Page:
Michigan Governor Rick Snyder has stated "right-to-work" legislation is now "on the agenda," a surprising change of course for a politician who has in the past consistently discouraged the state's Republican lawmakers from taking up the divisive legislation. Right-to-work laws stop mandatory dues payment requirements in union workplaces.
The governor's surprising comments came Tuesday night after a private meeting on the topic with House Speaker Jase Bolger (R-Marshall), Senate Majority Leader Randy Richardville (R-Monroe) and Lt. Gov. Brian Calley .
"There's been enough discussion now that it has been highlighted enough, it's an important issue, so we are going to talk about it," Snyder told the Detroit News. "There will be decisions made in the appropriate timeframe."
The current talk follows the November defeat of Proposal 2, a measure which would have amended the state constitution to guarantee collective bargaining rights to public and private-sector employees. The governor counseled union officials against pursuing the amendment.
"My concern is that could start a whole divisive atmosphere of other people trying to put right-to-work on the ballot, a whole bunch of things like that, and that would distract from the good things we've got going on," Snyder told the Detroit Free Press.
Union leaders and Republicans have been involved in discussions over the legislation, although the governor has said no decision has yet been made on the issue, Businessweek reports.
Right-to-work supporters and opponents have also had an active presence lobbying for and against the measure in Lansing this week, resulting in an increased police presence at the state's capitol building, according to Crain's Detroit.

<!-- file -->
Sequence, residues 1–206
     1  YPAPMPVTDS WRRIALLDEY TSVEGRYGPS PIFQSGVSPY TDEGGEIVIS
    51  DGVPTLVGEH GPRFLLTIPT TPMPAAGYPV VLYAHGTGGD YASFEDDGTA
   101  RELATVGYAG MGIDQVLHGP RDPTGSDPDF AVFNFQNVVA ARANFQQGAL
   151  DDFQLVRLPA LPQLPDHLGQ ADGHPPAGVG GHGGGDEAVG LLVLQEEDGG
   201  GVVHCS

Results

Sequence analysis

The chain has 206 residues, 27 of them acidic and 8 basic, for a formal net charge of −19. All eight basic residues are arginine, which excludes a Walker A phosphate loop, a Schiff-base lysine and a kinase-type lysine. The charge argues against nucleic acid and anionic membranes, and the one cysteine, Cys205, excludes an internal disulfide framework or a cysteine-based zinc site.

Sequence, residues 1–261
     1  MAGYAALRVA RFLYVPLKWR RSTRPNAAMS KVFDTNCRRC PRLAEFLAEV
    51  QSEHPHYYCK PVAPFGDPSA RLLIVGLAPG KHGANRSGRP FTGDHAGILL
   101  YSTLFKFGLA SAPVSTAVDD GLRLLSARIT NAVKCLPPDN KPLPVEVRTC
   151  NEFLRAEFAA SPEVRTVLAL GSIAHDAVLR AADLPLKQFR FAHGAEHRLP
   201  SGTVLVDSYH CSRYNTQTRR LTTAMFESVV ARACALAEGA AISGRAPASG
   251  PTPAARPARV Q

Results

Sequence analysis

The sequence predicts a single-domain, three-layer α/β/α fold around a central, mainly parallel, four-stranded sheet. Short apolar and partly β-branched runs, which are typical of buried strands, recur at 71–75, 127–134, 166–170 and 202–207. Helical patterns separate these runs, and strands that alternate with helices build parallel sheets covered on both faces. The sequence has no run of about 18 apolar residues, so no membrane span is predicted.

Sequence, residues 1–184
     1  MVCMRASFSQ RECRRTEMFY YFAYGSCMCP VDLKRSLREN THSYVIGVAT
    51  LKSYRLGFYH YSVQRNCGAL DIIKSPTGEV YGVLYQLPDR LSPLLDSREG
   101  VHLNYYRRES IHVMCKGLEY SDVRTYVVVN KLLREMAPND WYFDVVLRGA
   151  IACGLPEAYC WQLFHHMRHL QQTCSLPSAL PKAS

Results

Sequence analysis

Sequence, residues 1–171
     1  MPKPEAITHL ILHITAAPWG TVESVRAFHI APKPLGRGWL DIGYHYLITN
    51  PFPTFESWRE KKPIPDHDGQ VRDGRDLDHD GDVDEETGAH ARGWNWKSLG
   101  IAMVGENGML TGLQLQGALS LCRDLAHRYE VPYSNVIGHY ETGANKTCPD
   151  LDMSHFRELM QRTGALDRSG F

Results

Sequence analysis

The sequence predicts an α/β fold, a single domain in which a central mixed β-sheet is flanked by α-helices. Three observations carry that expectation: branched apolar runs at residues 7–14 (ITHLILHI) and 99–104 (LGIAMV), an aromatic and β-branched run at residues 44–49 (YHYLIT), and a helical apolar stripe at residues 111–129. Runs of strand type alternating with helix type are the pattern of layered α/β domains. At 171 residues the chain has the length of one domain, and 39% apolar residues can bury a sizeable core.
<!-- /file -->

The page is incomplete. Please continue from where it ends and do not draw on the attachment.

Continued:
Earlier this week the Michigan Chamber of Commerce came out in favor of the legislation.
It's still not certain if new or revised legislation will be taken up during the current lame duck session of the state legislature. Bolger's Press Secretary Ari Adler said no decision has yet been made to move forward on it.
“Basically we are discussing whether this is the right thing for Michigan and Michigan workers,” he told Crain's Detroit. “If we determine it’s the right thing to do and the right time to do it then we will proceed.”
51 percent of Michigan residents favor the right-to-work legislation and 41 percent oppose it, according to a recent Mitchell Research & Communication poll released to the Detroit News.
Right-to-work legislation is also under discussion in Wisconsin. The laws are now in place in 23 states, including Indiana, which became the first Rust Belt state to adopt the policy in February.
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